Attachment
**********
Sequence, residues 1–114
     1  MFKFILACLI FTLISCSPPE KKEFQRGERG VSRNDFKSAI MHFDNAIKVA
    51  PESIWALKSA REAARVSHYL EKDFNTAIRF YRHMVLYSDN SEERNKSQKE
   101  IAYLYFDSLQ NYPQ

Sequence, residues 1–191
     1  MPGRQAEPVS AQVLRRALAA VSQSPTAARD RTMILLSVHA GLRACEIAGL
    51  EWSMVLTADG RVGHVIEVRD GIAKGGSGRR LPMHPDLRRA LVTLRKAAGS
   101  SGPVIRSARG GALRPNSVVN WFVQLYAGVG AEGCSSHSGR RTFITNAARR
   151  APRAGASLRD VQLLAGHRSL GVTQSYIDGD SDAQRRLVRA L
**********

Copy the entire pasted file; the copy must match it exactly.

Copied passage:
Sequence, residues 1–114
     1  MFKFILACLI FTLISCSPPE KKEFQRGERG VSRNDFKSAI MHFDNAIKVA
    51  PESIWALKSA REAARVSHYL EKDFNTAIRF YRHMVLYSDN SEERNKSQKE
   101  IAYLYFDSLQ NYPQ

Sequence, residues 1–191
     1  MPGRQAEPVS AQVLRRALAA VSQSPTAARD RTMILLSVHA GLRACEIAGL
    51  EWSMVLTADG RVGHVIEVRD GIAKGGSGRR LPMHPDLRRA LVTLRKAAGS
   101  SGPVIRSARG GALRPNSVVN WFVQLYAGVG AEGCSSHSGR RTFITNAARR
   151  APRAGASLRD VQLLAGHRSL GVTQSYIDGD SDAQRRLVRA L